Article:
Friday, March 6, 2009

Bad Timing

About thirty gentlemen, interested in base ball matters-most of them shareholders in the St. Louis Base Ball Club-met yesterday evening in parlor No. 22 of the Lindell Hotel. The chair was taken by Mr. J.B.C. Lucas, President of the club, who, after calling the meeting to order, stated that, though the fact was generally well known, he would remind those present that for the past years base ball ventures in St. Louis had not proved financially successful. This season the club found itself considerably in arrears, and the meeting had been called in order to start an effort to raise the necessary amount with which the salaries of players might be paid. Individual Directors had, at their own expense, carried the club through the season, and they wanted now to see if they could not get assistance from shareholders and others. Out of $20,000 of stock only $17,000 had been subscribed, and on this some stockholders had not fully paid up.

After a brief discussion of the situation and the best means of improving it, a motion by Mr. Charles A. Fowle was carried, calling upon the Chair to appoint a committee of six gentlemen to collect subscriptions from stockholders and others to make up the deficiency.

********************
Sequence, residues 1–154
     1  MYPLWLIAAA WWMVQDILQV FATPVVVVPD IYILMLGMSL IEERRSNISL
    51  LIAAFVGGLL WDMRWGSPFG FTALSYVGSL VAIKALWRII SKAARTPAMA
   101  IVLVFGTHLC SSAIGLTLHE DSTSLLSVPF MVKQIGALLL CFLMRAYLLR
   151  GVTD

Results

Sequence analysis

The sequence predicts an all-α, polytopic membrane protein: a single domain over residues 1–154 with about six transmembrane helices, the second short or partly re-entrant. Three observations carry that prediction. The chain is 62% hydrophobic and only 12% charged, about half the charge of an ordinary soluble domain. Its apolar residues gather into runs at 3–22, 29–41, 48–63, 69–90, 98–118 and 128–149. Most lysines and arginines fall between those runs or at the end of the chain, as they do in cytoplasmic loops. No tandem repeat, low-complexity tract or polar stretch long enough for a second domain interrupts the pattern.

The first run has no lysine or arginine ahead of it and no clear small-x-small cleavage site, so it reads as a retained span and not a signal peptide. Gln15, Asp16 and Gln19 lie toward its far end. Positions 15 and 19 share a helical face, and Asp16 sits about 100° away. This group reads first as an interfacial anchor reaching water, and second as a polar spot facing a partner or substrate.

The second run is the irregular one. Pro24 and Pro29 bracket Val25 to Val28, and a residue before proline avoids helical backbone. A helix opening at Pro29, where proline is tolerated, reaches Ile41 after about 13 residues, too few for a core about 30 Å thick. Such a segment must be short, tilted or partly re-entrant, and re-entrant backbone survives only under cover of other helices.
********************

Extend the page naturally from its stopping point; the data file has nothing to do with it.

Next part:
The Chair appointed as such committee Messrs. W.C. Little, P.C. Butler, W.A. Stickney, W.C. Steigers, Aug. Solari and E.S. Brooks.

Subscription lists were opened at the meeting, when the sum of $400 was immediately subscribed.

In answer to a query, the Chair stated that upon the raising of the amount necessary to pay the deficiency, the question of whether there would be a St. Louis nine next year or no virtually depended. At the same time he did not like to say that, if the amount was raised, there would be a club, as this season closed his connection with the club. He believed that $2,500 had already been subscribed by parties towards next year's team.

After a discusion on general base ball topics, the meeting adjourned.
-St. Louis Globe-Democrat, November 1, 1877

This attempt to raise funds took place the day before William Spink's long piece about gambling in baseball, the St. Louis connection, and the effect that it would have on the fate of professional baseball appeared in the Globe. The piece must have had a devestating effect on the Brown Stockings' attempt to salvage their financial situation and on the moral of St. Louis baseball supporters. Lucas was stepping aside as club president, the Globe was withdrawing its support for professional baseball, numerous Brown Stocking players were being accused of throwing games, other clubs and players were being accused of crookedness, and the fate of the League itself was in doubt. There could not have been a worse time to go to the public and ask them to financially support the Brown Stockings.

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